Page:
MSPCA-Angell Headquarters

350 South Huntington Avenue, Boston, MA 02130
(617) 522-7400
Email Us

Angell Animal Medical Centers – Boston

350 South Huntington Avenue, Boston, MA 02130
(617) 522-7282
More Info

Angell West

293 Second Avenue, Waltham, MA 02451
(781) 902-8400
For on-site assistance (check-ins and pick-ups):
(339) 970-0790
More Info

Angell at Nashoba – Low-Cost Wellness Care

100 Littleton Road, Westford, MA 01886
(978) 577-5992
More Info

Animal Care and Adoption Centers – Boston

350 South Huntington Avenue, Boston, MA 02130
(617) 522-5055
More Info

Animal Care and Adoption Centers – Cape Cod

1577 Falmouth Road, Centerville, MA 02632
(508) 775-0940
More Info

Animal Care and Adoption Centers – Nevins Farm

400 Broadway, Methuen, MA 01844
(978) 687-7453
More Info

Donate Now


More Ways to Donate

From an online gift to a charitable gift annuity, your contribution will have a significant impact in the lives of thousands of animals.

Advanced Diagnostic Imaging in Pet Birds and Exotic Pets

By Elisabeth Simone-Freilicher, DVM, DABVP (Avian Practice)

While advanced diagnostic imaging such as ultrasound, echocardiography, and CT are commonly used in canine and feline patients, size and unique anatomic features of non-domestic pets means these valuable tools are often underutilized in birds, reptiles, and exotic small mammals.


The small size and presence of coelomic air sacs can limit the utility of ultrasonography in pet birds. However, when ascites is present, the free coelomic fluid frequently compresses the air sacs, improving visibility and utility of coelomic ultrasound even in a patient as small as a budgerigar. (Figure 1)

Coelomic ultrasonography can also be useful in identifying developing or minimally shelled eggs which may not be mineralized enough to be obvious on radiographs. Pre-ovulatory large follicles can also be identified prior to administering a GnRH agonist, which is contraindicated near ovulation, as dystocia may occur. (Figure 2)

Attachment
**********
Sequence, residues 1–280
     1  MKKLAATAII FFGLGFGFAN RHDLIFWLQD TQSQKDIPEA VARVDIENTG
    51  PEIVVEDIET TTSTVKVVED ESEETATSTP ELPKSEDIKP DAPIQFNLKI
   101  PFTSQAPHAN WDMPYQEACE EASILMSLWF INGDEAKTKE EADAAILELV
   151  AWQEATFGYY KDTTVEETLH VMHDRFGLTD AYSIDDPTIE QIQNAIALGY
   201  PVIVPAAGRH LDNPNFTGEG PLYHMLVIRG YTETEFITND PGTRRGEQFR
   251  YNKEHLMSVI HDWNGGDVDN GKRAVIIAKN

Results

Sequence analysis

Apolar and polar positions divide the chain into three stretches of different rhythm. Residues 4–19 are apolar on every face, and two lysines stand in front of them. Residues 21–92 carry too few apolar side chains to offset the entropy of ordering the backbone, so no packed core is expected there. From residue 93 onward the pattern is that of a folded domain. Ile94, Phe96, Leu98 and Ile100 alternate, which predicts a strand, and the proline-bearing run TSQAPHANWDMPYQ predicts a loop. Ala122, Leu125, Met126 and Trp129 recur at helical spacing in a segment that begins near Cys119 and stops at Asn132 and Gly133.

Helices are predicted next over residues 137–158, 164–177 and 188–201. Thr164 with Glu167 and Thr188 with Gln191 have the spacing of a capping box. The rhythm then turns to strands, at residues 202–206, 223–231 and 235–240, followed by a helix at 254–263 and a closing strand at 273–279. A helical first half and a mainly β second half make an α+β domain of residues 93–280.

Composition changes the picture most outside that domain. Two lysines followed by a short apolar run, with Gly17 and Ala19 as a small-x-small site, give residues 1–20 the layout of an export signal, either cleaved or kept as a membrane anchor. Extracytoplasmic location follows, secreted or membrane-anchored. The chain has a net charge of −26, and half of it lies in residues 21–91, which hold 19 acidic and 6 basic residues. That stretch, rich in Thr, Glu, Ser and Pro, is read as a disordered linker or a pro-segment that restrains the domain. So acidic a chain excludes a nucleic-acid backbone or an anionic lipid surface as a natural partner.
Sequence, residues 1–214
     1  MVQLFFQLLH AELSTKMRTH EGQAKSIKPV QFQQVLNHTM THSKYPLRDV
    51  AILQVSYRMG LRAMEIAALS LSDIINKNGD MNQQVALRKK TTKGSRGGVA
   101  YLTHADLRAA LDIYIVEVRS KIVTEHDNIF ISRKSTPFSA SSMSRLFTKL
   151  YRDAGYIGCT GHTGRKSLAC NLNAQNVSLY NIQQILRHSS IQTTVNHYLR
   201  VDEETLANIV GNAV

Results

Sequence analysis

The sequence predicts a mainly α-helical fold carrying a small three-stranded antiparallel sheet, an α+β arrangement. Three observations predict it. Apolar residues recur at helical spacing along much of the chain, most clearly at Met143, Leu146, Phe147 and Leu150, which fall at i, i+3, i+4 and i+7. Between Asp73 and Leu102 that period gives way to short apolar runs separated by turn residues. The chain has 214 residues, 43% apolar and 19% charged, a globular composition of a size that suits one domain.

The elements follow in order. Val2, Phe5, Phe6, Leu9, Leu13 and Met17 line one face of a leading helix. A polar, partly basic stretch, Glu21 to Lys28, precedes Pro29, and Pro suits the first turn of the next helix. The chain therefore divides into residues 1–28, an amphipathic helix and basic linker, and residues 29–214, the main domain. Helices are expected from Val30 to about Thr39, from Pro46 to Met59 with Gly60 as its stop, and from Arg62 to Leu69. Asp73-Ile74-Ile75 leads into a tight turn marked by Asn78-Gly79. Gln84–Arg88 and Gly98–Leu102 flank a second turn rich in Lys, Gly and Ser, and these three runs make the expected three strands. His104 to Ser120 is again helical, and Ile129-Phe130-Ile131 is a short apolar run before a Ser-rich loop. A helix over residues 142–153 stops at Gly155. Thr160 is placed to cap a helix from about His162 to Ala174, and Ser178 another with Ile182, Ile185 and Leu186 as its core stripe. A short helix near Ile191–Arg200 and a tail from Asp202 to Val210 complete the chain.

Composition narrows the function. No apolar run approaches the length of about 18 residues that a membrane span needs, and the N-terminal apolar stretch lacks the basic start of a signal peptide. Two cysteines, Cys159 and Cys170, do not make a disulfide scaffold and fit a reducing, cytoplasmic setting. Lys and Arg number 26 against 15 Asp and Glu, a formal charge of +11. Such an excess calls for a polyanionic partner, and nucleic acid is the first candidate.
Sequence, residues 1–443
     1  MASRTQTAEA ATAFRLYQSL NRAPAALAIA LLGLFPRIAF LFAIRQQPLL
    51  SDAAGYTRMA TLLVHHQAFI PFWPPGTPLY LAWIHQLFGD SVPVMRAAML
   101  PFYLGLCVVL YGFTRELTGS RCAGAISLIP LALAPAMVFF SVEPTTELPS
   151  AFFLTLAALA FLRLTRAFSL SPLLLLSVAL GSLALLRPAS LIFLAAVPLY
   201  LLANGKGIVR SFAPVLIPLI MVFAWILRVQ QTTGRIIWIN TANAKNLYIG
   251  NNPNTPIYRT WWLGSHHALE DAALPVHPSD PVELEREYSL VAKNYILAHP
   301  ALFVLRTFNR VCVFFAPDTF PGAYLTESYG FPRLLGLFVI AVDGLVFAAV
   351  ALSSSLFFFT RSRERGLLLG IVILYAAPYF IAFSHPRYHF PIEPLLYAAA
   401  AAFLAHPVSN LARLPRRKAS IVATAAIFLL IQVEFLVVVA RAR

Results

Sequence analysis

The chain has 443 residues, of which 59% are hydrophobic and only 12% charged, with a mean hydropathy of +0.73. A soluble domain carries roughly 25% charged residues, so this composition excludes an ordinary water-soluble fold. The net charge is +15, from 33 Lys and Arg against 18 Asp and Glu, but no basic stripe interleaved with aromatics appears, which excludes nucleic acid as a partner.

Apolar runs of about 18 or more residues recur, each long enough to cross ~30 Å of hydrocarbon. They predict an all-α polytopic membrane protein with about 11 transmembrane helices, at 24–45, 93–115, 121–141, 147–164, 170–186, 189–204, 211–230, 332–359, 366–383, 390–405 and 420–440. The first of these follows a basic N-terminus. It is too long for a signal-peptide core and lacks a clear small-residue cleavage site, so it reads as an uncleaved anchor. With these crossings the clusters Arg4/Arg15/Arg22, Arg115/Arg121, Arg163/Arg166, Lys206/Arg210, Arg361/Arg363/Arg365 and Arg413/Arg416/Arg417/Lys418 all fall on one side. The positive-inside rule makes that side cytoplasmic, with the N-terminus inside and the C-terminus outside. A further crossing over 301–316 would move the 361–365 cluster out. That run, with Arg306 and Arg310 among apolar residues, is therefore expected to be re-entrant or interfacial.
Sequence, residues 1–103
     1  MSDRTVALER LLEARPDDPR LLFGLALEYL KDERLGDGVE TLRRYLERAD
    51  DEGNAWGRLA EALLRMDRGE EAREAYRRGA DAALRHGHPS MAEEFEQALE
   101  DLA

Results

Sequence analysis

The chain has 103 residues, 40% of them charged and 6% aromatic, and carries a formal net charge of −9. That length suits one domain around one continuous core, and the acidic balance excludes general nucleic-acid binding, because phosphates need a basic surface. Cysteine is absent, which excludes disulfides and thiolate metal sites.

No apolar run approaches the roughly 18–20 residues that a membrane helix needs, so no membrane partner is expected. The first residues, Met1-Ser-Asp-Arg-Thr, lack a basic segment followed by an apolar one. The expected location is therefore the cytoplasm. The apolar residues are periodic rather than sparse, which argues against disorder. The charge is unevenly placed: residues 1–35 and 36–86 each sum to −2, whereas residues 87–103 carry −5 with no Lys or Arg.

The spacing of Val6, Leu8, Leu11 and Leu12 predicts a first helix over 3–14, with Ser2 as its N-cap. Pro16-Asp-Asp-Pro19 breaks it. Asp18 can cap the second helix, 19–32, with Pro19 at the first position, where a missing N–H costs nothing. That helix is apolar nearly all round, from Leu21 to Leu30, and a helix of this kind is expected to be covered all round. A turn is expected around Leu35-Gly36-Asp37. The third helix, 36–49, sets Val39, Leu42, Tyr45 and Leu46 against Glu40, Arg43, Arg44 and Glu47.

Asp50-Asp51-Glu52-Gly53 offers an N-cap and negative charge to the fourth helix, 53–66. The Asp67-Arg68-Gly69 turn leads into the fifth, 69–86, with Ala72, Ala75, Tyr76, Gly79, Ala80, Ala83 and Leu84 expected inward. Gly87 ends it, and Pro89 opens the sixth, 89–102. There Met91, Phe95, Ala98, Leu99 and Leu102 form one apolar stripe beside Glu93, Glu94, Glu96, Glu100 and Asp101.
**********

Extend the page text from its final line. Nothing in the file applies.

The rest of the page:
Echocardiography can also be performed to identify cardiac chamber enlargement, valvular disease, and pericardial effusion. Although the presence of a broad keeled sternum and narrow rib space often preclude use of the same intercostal approach used in small animal cardiology, angling the probe either cranially through the liver (hepatic window), or caudally at the thoracic inlet is often rewarding.

Computer-aided tomography is also gaining increased utility in avian medicine. Today’s CT machines are so rapid that often whole body CT-scans can be performed on a bird using sedation alone, rather than full anesthesia. This is frequently appealing to owners, who may be understandably wary of anesthesia for their pet birds if it can be avoided, and is a distinct advantage when a sick bird is assessed as unstable for anesthesia. In addition to masses (Figure 3), organomegaly, and dilation or thickening of gastrointestinal organs, CT can be used to identify GI foreign bodies composed of wood or plastic, which radiographs can miss. Metabolic bone disease and peripheral atherosclerosis may also be identified for treatment.

Figure 1. Ultrasound of a coelomic mass in a budgerigar- this lobulated soft tissue mass was able to be identified as the cause of ascites and coelomic distention in this 28-gram bird.

Figure 2. A point-of-care coelomic ultrasound prior to administering Lupron. The “bullseye” ova can be clearly seen.

Figure 3. CT of an Amazon parrot with a cloacal soft tissue mass.